U.S. Intellectual History Blog

CFP: Conference On The History Of Religion (March 2008, Boston, MA)

Dear USIH Readers,

Although intellectual historians are not explicitly welcomed or sought, I think the topics listed in the CFP below may be of interest. No url was given (hence the longer notice here).

– TL

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BOSTON COLLEGE BIENNIAL CONFERENCE ON THE HISTORY OF RELIGION
“RELIGIOUS IDENTITIES”

The History Department of Boston College invites papers and panels for its Biennial Conference on the History of Religion to be held on March 14-15, 2008. Since the increased emphasis on social history during the 1960s and 1970s, historians of religion have considered the variety of categories that shape both institutional and individual religious identity. These categories include ethnicity, race, socio-economic standing, gender, and political affiliation among others. At the same time, historians recognize that religious affiliation is only one of many factors that shape an individual’s personal identity. Also at play are processes of construction, contestation, and connection. Moreover, there are a myriad of factors that influence these processes and define the boundaries of religious identities – the clerical and lay, the national and transnational, the urban and rural, subjective and objective realities. Far from closed, these boundaries are fluid and malleable; a single religious community or individual may possess multiple religious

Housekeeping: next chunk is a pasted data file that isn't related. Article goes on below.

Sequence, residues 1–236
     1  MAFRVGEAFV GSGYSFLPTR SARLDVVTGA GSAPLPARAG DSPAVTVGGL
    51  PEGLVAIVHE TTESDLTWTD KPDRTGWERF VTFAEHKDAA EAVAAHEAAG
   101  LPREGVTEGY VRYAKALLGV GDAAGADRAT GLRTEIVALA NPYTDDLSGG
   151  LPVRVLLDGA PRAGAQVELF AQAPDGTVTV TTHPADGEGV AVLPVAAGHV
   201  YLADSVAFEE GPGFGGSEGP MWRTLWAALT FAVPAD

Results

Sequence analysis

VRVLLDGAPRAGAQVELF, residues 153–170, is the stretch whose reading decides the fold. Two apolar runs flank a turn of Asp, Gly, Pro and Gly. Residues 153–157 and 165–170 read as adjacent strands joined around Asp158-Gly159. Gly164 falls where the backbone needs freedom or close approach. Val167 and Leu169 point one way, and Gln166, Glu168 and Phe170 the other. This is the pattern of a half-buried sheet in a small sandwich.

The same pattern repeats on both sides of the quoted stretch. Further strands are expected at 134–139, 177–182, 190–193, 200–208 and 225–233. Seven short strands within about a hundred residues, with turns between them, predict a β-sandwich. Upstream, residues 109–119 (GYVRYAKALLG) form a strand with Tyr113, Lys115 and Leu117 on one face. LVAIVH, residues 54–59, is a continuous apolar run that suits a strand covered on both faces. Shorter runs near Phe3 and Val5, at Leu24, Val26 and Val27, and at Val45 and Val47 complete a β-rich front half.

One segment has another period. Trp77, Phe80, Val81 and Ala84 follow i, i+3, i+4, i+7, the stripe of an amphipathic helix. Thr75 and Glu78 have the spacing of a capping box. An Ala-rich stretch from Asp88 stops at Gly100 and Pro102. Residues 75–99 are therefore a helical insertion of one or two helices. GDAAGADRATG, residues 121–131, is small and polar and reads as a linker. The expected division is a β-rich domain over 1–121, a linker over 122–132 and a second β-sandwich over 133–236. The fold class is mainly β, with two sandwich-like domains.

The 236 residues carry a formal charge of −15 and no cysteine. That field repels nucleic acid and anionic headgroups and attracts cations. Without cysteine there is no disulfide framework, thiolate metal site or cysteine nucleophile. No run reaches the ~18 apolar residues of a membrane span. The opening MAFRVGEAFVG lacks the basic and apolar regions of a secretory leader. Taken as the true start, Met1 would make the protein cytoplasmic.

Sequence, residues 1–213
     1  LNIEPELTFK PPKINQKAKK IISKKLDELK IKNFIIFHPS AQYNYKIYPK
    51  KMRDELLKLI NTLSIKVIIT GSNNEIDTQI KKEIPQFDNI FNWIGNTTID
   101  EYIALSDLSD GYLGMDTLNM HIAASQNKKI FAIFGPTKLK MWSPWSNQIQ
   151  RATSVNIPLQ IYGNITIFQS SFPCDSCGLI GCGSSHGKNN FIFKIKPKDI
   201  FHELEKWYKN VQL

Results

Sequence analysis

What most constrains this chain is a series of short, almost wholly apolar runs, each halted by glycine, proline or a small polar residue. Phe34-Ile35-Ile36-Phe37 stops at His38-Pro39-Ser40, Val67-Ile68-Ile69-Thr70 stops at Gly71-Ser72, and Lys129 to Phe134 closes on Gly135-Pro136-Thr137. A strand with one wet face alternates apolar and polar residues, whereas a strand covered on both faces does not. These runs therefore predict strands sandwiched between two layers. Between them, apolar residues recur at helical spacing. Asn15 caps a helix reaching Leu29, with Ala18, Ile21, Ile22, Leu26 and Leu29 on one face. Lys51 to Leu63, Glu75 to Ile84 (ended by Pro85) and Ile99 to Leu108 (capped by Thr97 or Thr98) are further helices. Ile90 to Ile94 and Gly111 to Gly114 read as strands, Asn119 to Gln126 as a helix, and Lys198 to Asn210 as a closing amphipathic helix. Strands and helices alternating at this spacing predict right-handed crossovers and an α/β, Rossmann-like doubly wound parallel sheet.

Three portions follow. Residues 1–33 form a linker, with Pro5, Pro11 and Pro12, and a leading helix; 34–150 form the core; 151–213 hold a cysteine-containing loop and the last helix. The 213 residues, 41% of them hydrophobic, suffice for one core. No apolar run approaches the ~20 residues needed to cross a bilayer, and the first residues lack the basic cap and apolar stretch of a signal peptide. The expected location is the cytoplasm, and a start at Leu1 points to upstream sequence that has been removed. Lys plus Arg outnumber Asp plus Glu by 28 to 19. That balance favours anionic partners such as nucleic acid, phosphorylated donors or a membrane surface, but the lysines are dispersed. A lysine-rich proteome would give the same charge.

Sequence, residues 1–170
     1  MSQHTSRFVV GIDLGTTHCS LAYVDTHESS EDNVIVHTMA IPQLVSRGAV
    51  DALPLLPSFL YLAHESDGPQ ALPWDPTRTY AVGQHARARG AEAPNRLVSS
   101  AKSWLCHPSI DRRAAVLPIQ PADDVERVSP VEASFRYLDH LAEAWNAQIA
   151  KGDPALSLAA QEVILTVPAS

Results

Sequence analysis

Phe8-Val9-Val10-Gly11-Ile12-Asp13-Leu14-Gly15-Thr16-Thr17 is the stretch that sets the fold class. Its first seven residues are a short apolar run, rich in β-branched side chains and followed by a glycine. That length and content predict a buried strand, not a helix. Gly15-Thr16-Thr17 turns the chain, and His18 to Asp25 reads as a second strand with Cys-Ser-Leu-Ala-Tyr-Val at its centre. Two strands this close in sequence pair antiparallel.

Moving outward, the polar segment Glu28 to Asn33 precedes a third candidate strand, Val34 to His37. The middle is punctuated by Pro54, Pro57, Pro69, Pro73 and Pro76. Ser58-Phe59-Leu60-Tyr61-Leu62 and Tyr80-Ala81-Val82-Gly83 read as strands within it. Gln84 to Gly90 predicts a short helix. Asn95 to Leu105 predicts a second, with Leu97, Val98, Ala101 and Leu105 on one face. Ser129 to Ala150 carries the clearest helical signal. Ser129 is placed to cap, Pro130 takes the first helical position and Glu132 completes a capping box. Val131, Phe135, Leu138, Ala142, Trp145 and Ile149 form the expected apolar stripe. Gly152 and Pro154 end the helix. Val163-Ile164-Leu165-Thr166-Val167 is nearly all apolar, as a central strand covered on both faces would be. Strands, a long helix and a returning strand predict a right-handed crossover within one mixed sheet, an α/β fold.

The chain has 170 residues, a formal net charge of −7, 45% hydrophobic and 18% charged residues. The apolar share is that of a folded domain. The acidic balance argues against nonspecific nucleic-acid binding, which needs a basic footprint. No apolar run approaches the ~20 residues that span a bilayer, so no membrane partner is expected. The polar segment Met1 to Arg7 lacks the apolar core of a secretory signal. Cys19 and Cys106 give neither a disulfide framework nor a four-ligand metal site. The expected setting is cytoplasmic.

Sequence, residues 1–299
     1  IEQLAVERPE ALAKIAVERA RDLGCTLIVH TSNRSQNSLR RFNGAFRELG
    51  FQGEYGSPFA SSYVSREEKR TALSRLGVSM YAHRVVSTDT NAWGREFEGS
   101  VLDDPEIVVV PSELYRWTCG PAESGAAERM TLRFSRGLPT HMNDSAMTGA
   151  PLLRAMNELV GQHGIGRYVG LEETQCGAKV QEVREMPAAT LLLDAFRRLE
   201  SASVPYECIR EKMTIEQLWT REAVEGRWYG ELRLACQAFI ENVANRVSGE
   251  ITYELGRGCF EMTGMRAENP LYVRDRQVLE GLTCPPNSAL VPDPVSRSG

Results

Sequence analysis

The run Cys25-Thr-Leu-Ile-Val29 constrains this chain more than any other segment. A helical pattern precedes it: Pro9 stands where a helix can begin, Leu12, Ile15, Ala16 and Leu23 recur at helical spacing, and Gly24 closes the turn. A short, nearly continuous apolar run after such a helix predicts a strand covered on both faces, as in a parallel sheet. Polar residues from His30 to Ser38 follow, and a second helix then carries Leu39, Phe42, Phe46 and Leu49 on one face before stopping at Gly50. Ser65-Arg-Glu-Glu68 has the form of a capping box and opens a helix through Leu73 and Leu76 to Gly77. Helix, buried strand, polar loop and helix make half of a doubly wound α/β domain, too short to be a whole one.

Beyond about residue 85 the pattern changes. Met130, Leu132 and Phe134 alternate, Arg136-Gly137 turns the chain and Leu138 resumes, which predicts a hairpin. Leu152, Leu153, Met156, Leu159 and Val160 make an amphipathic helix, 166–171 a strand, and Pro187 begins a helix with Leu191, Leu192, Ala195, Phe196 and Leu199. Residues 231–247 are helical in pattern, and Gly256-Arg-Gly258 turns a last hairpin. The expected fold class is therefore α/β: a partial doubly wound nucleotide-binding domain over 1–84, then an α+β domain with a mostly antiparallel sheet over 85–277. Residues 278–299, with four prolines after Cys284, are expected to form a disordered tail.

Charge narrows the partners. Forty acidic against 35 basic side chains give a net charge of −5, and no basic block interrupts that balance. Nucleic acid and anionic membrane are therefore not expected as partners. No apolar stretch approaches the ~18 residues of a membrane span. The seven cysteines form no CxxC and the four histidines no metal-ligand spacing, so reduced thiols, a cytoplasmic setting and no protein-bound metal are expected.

identities that permeate and influence one another.

We welcome paper and panel proposals from both established scholars and graduate students on topics from the Reformation period and beyond that touch upon the question of religious identity. The geographic scope is broadly defined to include areas from the Americas, Europe, Asia, and Africa. Suggested themes include the factors contributing to the construction of religious identities, the active processes involved in creating religious identity, the malleability of religious identities, the transnational features and connections of religious identity, and/or the moments of crisis in religious identity.

Individual paper proposals should include a 300-word proposal, paper title, and current c.v. Panel proposals for two to three presenters should include a 250-word panel abstract (including panel title), a 300-word proposal for each individual paper (including paper title), and a current c.v. for each presenter.

Deadline for submission is October 1, 2007. Please direct all proposals to Sarah K. Nytroe, Boston College History Department, Lower Campus Office Building, 4th Floor, 21 Campanella Way, Chestnut Hill MA 02467, or [email protected]